A major change to the Kings’ organization was made this past season – a change that was yet another monumental step forward in the rapid growth of hockey in California.
One could call these days California’s “hockey rush”, if you will.
On February 11, 2015, it was officially announced that the Ontario Reign would be the Kings’ new American Hockey League affiliate – making the jump from the East Coast Hockey League, where the Manchester Monarchs will now be situated.
The press conference took place at the Citizens Business Bank Arena and was hosted by Kings radio announcer Nick Nickson. Luc Robitaille and Rob Blake were on hand to speak with AHL executives before they unveiled the team’s rebranding.
Rob Blake was certainly optimistic during his moments on the podium:
Blake, on the AHL moving to Ontario:
"I think this is just another extension of growth to hockey in Southern California. You look at how well the NHL has done out here in LA, in Anaheim, in San Jose, along with the growth of the youth hockey, and now we have the American Hockey League."
Blake, on the effects of youth/amateur hockey beacause of the AHL:
"I think anytime you have a professional hockey team in a certain area, the youth hockey growth will take off. I think this is a conscious effort of both LA and Anaheim, and the expansion of their youth hockey programs over the years, and all of the different buildings hockey is being played in, this is all a part of that."
Now, instead of having their top minor league prospects 3,018 miles away in Manchester, NH, they’ll be a mere 37 miles away in the Inland Empire in Ontario, CA. In the situation that that the Kings will need to call-up a player last-minute to plug a roster spot, this is a much better situation.
Ontario’s new logo and uniforms take a piece of the Kings’ past with a modernized twist – drawing back to the Kings’ ‘Chevy’ logo used from the 80’s through the early 90’s, as well as the black, silver, and white color combination.
Luc Robitaille took to reporters following the press conference:
Robitaille, on the move to Ontario:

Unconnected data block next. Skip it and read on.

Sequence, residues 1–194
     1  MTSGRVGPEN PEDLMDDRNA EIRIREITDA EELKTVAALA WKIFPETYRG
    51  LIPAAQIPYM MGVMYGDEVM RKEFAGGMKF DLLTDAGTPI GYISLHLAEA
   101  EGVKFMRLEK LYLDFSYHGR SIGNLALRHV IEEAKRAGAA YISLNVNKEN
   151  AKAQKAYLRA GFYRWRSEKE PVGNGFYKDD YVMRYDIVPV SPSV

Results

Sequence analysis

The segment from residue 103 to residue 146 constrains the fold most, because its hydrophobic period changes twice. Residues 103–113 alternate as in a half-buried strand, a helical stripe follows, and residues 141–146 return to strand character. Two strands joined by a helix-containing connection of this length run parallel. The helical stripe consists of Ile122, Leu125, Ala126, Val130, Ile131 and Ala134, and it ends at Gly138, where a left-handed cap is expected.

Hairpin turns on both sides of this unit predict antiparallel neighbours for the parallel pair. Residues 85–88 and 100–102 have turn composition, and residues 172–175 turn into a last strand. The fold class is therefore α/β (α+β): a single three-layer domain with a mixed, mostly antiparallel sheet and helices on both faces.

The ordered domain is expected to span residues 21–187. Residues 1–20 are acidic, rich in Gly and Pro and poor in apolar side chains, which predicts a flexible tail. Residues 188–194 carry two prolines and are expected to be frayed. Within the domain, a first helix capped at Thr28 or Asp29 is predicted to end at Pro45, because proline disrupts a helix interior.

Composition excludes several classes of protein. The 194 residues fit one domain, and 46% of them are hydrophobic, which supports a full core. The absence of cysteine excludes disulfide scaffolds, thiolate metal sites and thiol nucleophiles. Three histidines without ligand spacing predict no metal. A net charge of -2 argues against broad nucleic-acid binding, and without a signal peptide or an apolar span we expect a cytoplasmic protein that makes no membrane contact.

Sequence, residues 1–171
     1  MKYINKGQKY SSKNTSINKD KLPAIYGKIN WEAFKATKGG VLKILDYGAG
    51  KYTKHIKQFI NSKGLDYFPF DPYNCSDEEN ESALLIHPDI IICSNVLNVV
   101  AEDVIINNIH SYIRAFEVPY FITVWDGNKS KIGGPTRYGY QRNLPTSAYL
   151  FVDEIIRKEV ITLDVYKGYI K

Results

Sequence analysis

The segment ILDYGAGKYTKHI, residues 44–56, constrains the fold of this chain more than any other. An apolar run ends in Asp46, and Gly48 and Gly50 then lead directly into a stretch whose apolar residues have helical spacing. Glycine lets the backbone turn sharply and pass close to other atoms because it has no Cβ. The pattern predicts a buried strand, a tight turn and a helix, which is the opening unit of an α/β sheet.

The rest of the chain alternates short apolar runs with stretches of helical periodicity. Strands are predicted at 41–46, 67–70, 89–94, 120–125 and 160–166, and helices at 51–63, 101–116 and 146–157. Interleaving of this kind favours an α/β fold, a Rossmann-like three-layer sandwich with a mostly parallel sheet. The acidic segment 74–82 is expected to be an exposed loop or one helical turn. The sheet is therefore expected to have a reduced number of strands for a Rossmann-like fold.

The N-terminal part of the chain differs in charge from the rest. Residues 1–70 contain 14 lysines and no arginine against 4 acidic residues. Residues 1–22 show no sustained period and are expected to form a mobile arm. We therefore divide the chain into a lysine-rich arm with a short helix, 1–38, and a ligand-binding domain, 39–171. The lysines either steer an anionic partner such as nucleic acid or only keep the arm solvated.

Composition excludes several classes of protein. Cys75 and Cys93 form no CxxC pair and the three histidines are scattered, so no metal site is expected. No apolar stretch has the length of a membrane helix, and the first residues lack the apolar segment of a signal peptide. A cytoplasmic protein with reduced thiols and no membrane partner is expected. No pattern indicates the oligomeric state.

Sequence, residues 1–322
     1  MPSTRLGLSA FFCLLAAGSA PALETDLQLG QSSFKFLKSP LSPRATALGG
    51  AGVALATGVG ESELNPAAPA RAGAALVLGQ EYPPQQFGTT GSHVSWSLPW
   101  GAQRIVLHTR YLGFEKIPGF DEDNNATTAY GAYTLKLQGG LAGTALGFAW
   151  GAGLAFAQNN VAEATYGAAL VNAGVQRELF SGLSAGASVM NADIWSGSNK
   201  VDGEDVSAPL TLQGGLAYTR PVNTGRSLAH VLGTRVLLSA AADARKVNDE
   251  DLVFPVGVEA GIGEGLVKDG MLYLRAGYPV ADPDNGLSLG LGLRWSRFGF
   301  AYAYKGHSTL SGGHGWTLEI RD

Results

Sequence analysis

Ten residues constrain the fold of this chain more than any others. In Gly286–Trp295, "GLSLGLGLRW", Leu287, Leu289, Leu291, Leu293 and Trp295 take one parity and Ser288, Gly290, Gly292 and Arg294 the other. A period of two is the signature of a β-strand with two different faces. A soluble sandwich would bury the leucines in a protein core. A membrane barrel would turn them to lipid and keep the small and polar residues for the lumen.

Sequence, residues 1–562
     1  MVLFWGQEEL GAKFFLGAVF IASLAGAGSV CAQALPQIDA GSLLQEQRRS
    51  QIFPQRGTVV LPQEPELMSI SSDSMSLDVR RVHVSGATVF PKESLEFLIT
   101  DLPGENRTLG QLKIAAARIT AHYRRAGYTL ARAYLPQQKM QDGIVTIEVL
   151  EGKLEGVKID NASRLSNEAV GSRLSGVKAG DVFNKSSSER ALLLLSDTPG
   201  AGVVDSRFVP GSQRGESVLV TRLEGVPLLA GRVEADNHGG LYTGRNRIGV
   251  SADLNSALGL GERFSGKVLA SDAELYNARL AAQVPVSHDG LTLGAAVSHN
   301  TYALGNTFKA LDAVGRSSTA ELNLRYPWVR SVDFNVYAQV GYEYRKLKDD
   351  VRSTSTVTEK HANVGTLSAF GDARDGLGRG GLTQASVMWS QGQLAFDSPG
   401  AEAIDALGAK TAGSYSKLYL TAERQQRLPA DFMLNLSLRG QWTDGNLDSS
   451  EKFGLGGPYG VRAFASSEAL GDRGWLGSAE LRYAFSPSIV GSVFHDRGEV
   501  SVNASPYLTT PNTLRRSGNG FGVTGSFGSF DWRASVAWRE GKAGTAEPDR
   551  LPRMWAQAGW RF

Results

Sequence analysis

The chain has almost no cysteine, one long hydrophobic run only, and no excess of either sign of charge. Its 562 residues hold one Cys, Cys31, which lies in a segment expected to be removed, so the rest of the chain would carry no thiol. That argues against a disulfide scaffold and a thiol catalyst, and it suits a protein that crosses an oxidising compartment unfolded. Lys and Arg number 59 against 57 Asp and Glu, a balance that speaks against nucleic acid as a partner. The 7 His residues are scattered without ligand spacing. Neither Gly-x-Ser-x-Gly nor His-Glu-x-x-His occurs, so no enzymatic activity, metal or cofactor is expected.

"This is now our team that we need to cater to. We understand from the marketing standpoint that it's important for us to be involved. It's going to help the growth of the Kings' branding, for sure, but I think more importantly, it's going to help the growth of hockey."
Robitaille, on the uniform change:
"Our [current Kings jerseys], we asked our players ahead of time, and they wanted to go that route. We always feel that if our players love something, then the fans will love it. When we created [Ontario's new uniforms], we knew it was important to implement the same kind of colors because we want to keep the same pants and the same kind of gloves. Someone designed the new logo, we saw it, and it kind of felt like this was it."
The Reign will play their home games at the Citizens Business Bank Arena, which seats 9,736 for ice hockey. The arena features a lower bowl, upper bowl, with private suites located both in between the two seating sections, and also atop the upper-bowl on one end of the arena.
The Reign spent seven seasons as the Kings’ ECHL affiliate, most notably making it to the Kelly Cup's Western Conference Final last season, where they fell to the eventual league champions - the Allen Americans, in seven games.
Their final push for an ECHL championship was a valiant one, giving fans a taste of the uptempo arena atmosphere to come with AHL hockey in 2015-'16.
Ontario ranked first-overall in ECHL attendance during the 2014-'15 season, averaging 7,802 fans in 36 home games played - a total of 280,866 fans filed through Citizens Business Bank Arena's turnstiles last year - a number which will only grow with the arrival of AHL-caliber hockey.